How to Reform Election Laws

The brouhaha about recent changes in Georgia’s election laws is all about Democrats trying to make it easier for Democrat-leaning voters to vote. If Democrat politicians have their way, not only would D.C. and Puerto Rico become States, thus making it almost impossible for a Republican to be elected president (as long as the Electoral College remains in place), but also: the voting age would be lowered to 16 (14?, 12?); ballots would be mailed to everyone old enough to vote and could completed, collected, and turned in by anyone; online voting (easily corrupted) would be allowed; and anyone who happens to be in the country at election time would be entitled to vote.

All of that, and whatever else Democrats hope to do to secure permanent control of the central government, goes in exactly the wrong direction. Voting should be severely restricted, not opened up. Specifically, voting should be restricted to mature and responsible and who have “skin in the game”. Here is how it should work:

There would be one vote per household — irrespective of the sex of the head of the household (if I may use that quaint term) — inasmuch as a household is an economic and social unit.

The household must include at least one person who is 30 years of age or older, and one such person must cast the household’s ballot on election day (see below).

No member of the household may have demonstrated grossly irresponsible behavior, as indicated by a conviction for a felony.

There may not be an outstanding tax lien against property held by any member of the household.

At least one member of the household must hold a deed to real property with an assessed value of at least $50,000 (to be adjusted upward for inflation), and any outstanding debt secured by the property must not exceed 80 percent of the purchase price of the property.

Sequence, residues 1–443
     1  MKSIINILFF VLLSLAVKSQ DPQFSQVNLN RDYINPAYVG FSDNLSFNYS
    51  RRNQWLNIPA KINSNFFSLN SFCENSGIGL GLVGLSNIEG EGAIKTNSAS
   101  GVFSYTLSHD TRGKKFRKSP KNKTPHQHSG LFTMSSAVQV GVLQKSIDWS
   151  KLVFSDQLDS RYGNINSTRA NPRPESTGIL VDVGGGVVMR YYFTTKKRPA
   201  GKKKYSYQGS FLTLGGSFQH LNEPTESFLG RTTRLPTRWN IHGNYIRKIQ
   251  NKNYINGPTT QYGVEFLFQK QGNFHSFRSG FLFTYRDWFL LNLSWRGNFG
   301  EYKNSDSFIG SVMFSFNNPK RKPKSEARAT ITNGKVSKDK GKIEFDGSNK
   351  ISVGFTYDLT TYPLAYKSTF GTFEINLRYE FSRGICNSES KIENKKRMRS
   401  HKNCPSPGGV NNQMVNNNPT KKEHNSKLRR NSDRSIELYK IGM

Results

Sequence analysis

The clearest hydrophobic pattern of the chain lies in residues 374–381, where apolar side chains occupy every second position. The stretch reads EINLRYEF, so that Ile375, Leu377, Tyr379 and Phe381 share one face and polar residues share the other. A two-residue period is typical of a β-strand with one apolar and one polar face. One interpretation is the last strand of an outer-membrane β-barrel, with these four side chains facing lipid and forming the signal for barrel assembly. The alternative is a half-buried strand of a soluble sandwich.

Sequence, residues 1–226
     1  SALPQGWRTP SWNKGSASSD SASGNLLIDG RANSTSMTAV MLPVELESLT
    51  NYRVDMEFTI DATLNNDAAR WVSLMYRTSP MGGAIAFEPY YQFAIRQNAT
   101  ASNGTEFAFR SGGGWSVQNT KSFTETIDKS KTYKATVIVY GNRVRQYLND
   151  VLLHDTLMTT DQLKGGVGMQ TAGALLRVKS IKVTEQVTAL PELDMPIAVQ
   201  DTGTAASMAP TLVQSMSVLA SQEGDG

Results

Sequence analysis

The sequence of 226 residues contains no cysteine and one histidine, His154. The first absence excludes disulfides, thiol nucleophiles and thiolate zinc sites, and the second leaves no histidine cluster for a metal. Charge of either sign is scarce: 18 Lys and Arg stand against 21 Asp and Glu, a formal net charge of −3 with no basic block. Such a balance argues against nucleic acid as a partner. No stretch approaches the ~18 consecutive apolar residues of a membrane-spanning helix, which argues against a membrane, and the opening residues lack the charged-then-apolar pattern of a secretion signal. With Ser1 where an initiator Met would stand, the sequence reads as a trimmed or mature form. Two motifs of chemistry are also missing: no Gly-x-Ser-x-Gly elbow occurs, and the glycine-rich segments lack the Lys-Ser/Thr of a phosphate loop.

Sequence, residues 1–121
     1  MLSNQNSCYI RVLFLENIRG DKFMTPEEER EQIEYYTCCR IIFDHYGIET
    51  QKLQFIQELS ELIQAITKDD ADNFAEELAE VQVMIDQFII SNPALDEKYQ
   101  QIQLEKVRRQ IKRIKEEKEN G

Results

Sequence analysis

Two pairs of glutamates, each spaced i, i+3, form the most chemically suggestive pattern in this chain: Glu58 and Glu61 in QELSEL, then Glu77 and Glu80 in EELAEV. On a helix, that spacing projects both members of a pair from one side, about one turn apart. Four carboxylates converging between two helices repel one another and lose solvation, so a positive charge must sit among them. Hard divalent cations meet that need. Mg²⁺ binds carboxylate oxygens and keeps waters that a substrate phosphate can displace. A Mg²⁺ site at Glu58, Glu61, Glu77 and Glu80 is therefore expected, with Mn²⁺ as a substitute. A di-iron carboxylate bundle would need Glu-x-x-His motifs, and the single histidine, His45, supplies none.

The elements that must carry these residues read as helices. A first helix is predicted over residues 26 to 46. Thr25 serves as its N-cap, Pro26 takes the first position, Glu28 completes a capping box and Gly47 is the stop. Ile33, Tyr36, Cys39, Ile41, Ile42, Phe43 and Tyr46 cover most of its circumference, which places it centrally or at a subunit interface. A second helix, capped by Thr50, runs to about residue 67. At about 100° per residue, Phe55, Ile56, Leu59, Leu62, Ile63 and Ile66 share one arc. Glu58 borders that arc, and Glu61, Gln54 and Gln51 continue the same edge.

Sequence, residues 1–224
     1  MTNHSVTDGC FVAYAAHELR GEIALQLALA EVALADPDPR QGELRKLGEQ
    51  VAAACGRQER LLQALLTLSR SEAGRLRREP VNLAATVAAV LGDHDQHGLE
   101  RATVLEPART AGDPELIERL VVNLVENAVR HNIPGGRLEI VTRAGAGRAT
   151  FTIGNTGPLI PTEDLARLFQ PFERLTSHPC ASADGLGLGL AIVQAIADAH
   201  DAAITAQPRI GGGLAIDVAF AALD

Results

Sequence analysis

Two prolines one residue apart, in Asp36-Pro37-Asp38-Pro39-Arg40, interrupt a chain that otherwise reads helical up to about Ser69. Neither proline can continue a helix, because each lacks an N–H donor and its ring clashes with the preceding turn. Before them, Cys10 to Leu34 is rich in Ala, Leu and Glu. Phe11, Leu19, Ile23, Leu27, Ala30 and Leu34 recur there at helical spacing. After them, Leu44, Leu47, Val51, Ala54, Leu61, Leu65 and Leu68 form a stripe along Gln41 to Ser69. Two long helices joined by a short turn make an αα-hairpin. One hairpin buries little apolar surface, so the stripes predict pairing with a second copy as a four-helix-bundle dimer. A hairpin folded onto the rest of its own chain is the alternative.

At least one member of the household who is 30 years old or older must not be receiving unemployment benefits or must not have received them within six months before election day.

Every member of the household who is 21 years old or older must be a citizen of the United States or a legal, resident alien.

To ensure the integrity of ballots and the casting thereof on the basis of up-to-date knowledge of the candidates and the issues, all voting would occur in-person, on election day, at polling stations in numbers and locations adequate to avoid long lines at closing time. Each person casting a ballot for a household would have to produce the household’s government-issued voter-registration card and an approved form of identification (e.g., government-issued driver’s license, military ID card).

There would thus be no need for absentee voting, except in cases where an entire household is disabled (e.g., a household consisting of one or two elderly persons), as certified by a licensed physician, or stationed overseas. (Other households would have to plan vacations so that one qualified member can cast an in-person vote on election day.)

Election day would be shifted to a Saturday. All polling stations in the country would be open from 6 a.m. to 9 p.m., local time. No votes, including absentee ballots, would be counted before the last stations close (i.e., the polling stations in Hawaii).